Tales of Ancient Rome

By: S. J. A. Turney


Every time was a wrench for Lucilla. She loved her poor, exiled sister so much and the warmth of her return filled her with a fleeting joy that soon plummeted into the icy river of sadness again as Livia, wordlessly, smiled that sad smile and returned to her freezing den in the outbuildings.

Lucilla had stopped telling her parents about Livia’s visits after the first year, as the conversation inevitable led to an argument and anger from her father, denial that Livia could have come to see her, and an extra layer of cold security being placed around their younger daughter.

But the visits still came. Livia never explained why she came or how she could live like she did, but Lucilla didn’t care. It was enough even to see her beautiful sister on those rare occasions. Even if it was rapidly dragging her toward her own demise, her weakening heart now making it dangerous for her even to leave the interior of the villa. Eventually, if she died, her sister would join her and they would be together in the beyond, living in the light of Sol Invictus.

Too cold. The temperature just appeared to be dropping all the time. It had merely been chilly earlier, but Lucilla would swear she could see ice on the shutters, reflecting the moonlight shining through the crack in the shutters. Frost seemed to be forming on her blanket.

She gave a deep sigh and sank back into her blankets, feeling the welcome pull of sleep at last.

It was then she knew that Livia was in the room. Shuddering, she sat up rigid to see the pale figure in her grey tunic, with the long, lustrous black tresses of her hair hanging low, touched and speckled with the frost.

Lucilla smiled. It had been long months since her last visit. She straightened her night tunic and raised her eyebrows questioningly. Livia never spoke, of course. She couldn’t. But Lucilla instinctively knew what her sister was wanting or trying to say.

Livia curled a beckoning finger, and Lucilla frowned. This was new. She’d never left the bed before. A surge of dangerous excitement ran through her cold, frail figure. Could Livia be taking her to show her the den where she spent her time? Gingerly, wincing at the freezing marble of the floor, Lucilla swung out her legs and climbed from the bed, swaying slightly for a moment, before she got herself under control. Her legs were so weak she had to shuffle toward the figure in the doorway, holding out her hand to the wall to steady herself.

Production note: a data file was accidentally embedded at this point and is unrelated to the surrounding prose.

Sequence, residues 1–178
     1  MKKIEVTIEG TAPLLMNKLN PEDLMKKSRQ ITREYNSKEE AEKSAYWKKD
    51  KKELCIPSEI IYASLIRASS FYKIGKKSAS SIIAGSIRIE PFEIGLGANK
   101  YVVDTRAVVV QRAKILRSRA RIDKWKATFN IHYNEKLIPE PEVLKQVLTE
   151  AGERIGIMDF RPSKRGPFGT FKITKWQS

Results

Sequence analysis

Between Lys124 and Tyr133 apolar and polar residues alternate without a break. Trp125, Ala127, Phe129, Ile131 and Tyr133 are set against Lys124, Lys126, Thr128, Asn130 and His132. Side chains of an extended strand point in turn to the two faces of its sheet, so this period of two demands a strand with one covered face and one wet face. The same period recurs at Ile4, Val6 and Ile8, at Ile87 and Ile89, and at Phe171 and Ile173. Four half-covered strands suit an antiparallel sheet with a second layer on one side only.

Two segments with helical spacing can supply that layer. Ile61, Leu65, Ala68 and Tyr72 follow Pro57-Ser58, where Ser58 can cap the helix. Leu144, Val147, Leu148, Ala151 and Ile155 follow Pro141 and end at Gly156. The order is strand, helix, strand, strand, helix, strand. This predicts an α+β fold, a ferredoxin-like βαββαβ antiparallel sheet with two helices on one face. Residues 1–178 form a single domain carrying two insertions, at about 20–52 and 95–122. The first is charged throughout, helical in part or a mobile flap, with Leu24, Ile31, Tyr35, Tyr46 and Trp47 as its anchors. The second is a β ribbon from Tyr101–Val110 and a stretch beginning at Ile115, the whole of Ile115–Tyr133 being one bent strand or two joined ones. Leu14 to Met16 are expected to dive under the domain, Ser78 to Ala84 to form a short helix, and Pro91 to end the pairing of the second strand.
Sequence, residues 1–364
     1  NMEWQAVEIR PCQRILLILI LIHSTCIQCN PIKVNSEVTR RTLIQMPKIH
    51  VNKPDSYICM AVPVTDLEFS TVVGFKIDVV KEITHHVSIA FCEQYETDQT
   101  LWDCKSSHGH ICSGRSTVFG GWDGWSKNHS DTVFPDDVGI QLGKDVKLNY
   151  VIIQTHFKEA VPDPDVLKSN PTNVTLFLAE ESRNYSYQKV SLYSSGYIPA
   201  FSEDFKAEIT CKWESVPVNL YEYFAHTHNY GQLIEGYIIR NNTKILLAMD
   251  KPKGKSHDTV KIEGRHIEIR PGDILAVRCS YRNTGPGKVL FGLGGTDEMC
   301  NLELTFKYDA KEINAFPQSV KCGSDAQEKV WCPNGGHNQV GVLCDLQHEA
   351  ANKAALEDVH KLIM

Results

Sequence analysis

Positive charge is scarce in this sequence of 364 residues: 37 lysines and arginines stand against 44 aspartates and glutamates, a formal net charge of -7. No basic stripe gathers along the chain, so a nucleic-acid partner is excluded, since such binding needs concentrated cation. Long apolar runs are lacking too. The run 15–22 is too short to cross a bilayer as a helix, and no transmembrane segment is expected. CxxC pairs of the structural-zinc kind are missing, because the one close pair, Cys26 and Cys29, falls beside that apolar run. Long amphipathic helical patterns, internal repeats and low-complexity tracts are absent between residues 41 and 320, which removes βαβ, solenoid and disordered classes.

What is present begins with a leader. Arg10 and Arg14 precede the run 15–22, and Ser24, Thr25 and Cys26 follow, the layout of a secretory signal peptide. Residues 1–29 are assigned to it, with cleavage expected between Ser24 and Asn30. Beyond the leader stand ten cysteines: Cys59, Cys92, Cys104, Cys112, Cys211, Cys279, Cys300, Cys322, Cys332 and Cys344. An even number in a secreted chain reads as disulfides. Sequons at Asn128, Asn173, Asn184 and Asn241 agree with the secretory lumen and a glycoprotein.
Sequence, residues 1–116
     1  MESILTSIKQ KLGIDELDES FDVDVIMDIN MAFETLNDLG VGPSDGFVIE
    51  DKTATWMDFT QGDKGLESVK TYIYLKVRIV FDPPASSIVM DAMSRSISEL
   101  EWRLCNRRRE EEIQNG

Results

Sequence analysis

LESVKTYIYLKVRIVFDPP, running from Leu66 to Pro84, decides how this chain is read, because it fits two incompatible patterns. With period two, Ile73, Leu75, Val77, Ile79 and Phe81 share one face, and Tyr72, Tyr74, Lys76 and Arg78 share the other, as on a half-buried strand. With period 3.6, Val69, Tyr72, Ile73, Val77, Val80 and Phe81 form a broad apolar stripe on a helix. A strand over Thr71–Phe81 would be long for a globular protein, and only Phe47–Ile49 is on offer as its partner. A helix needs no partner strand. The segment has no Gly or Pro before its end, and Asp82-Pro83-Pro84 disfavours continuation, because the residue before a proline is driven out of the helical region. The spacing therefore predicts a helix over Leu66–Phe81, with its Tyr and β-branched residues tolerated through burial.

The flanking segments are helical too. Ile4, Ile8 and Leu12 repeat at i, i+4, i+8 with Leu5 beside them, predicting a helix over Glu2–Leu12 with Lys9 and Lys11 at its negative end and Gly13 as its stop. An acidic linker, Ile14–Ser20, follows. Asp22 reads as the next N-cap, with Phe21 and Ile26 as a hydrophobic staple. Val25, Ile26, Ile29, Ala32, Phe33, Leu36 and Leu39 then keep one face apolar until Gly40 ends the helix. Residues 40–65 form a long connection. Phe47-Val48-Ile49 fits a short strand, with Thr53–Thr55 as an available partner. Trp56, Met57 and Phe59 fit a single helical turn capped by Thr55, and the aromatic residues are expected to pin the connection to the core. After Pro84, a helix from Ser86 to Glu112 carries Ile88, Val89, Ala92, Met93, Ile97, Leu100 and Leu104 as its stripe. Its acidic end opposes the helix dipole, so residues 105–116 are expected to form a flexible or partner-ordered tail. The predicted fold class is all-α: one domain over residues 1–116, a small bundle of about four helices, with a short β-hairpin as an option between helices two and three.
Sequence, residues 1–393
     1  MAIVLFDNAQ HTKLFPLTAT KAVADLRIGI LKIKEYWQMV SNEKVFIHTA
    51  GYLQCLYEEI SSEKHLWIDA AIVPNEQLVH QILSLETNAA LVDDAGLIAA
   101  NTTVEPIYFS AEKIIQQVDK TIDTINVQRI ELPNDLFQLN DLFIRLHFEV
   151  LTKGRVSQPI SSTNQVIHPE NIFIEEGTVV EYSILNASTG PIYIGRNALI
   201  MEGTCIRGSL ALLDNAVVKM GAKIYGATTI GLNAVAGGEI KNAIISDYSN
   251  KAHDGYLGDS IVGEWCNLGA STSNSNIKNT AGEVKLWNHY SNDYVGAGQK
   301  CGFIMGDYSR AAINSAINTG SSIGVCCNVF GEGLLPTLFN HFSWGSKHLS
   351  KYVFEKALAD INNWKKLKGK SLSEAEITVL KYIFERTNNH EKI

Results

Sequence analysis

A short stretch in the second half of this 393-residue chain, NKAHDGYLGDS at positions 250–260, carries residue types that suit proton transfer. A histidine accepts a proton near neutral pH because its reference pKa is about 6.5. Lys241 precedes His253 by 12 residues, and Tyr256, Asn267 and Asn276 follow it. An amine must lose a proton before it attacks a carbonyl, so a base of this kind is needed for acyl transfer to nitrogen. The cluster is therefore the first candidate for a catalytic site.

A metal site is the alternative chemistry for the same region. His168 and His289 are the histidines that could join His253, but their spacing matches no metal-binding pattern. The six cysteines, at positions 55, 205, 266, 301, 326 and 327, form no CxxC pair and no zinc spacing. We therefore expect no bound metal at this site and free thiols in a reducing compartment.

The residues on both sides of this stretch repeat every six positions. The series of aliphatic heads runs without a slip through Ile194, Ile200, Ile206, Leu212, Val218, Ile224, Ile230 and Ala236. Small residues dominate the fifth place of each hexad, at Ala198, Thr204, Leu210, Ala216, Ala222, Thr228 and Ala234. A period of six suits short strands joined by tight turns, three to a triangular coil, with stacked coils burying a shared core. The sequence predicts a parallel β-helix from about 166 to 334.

Livia smiled that sad smile of hers, but this time, actually walking toward her, it didn’t drive Lucilla’s spirits down into that icy river of loss once more. Instead she felt the electric thrill of discovery. She would, she knew instinctively, find out about her sister this time. She had to. It felt right.

As she approached the open doorway of her room, the corridor dark beyond, Livia beckoned once more and then slipped around the corner out of sight.

A sense of urgency overtaking her, unwilling to let her sister out of her sight for fear she might lose her entirely, Lucilla let go of the wall and tottered quickly to the doorway, her feet slapping on the freezing floor.

The move was too quick for her frail body and as she reached the door jamb, dizziness overcame her and she slumped, her mind fogging with confusion and pain, her body cold and aching. It was almost half a minute before she pulled herself up, peering off around the corner, hoping her sister was still there.

And there was her room. Somehow, during her dizzy fall, she must have got turned around and confused.

There was Livia, lying on her back on the bed, her grey, thin face surrounded by lustrous black hair as she rested among the blankets and pillows. She looked so peaceful.

Lucilla smiled sadly. Best not disturb her now. She’d come back and see her soon.





The man who bought an Empire





Lamp-light glinted off the cuirass of burnished bronze with its protective medusa head, honorific scorpion emblem and winged horses and off the tip of the gladius in the man’s hand. Breath clouded in the chilly night air and condensation formed on the red-painted walls.

Titus Flavius Genialis leaned around the corner of the corridor and glanced left and right sharply before pulling back to safety.

“No one. The passage is clear, Caesar, but we must hurry.”

Behind him, the emperor Marcus Didius Julianus flattened against the wall, wild-eyed and breathing heavily. His normally intricately-combed and curled black beard hung loose and ragged, much like his hair. His normally swarthy, handsome features were strangely pale and glistening, the result of such desperate nerves. His toga was muddy and covered in dust from the many hiding places they had been forced to utilise on the way through the enormous Palatine palace complex.